Virtual Environment for Python Workspace – Part 3/3 – venv

In the earlier two posts of this series, I discussed about virtualenv  and conda  and their usage along with some examples. I this post I am going to introduce you guys with another package and environment manager called venv  which comes with standard Python3.X by default. So, nothing to worry about its installation.

Virtual Environment for Python Workspace – Part 1/3 – virtualenv
Virtual Environment for Python Workspace – Part 2/3 – conda

Creating an Environment
For example, If you have Python3.X installed in your system and you can run it’s REPL by issuing python3 in the terminal, then you can create a virtual environment based on this Python version by issuing the following command:

This will create the myvenv  directory if it doesn’t exist, and also create directories inside it containing a copy of the Python interpreter, the standard library, and various supporting files. By the way, you got the idea of using different versions of Python to use its venv  module for creating different environments, right? Just find out an exact Python 3.X (I showed how, in earlier posts) and use its binary/executable in the command <active python> -m venv <environment name> .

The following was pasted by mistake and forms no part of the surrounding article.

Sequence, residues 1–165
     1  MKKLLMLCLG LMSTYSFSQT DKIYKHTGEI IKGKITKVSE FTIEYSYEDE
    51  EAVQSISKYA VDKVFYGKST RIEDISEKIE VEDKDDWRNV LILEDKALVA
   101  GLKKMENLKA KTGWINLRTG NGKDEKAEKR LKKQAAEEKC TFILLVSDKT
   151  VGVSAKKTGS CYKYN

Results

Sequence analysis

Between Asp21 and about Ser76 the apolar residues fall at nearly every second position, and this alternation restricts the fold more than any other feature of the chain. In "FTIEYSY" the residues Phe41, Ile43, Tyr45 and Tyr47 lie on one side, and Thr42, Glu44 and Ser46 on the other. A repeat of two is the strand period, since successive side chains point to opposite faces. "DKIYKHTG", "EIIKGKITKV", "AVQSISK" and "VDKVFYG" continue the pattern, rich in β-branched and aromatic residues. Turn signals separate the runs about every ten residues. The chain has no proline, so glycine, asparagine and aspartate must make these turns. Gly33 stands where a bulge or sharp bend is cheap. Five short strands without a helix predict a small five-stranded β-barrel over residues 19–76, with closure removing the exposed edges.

Activating the Environment
Its similar to the previous two workarounds and again simple as below. I assumed you are inside the newly created myvenv  directory.

Managing Packages with pip
As venv  is native with Python, you can use pip  for installing packages in your virtual environment which will pull down packages from Python’s official package repository, PyPI. For example, to install our very favorite package numpy , use the following command,

Also, for sure you can use commands like pip search <packagename> , pip list in each newly created virtual environment.

Did you know, you can use pip show <packagename>  to see detail of an installed package in an active environment?

Sharing Environment
In the earlier post, I have discussed why and how you can share your environment made using  conda  with others. If you are using venv  or virtualenv  then you can export an environment’s state/configuration to a file, issuing the following command,

Here, the file name requirements.txt , that contains environment’s package information could be anything. But people have been using this name conventionally for a long time.

So, after exporting the environment information, you can share this file to any one who can install exact same packages in his newly created virtual environment by using the following command:

By the way, sharing environment in this way is similar if you use virtualenv

Resources
https://docs.python.org/3/tutorial/venv.html

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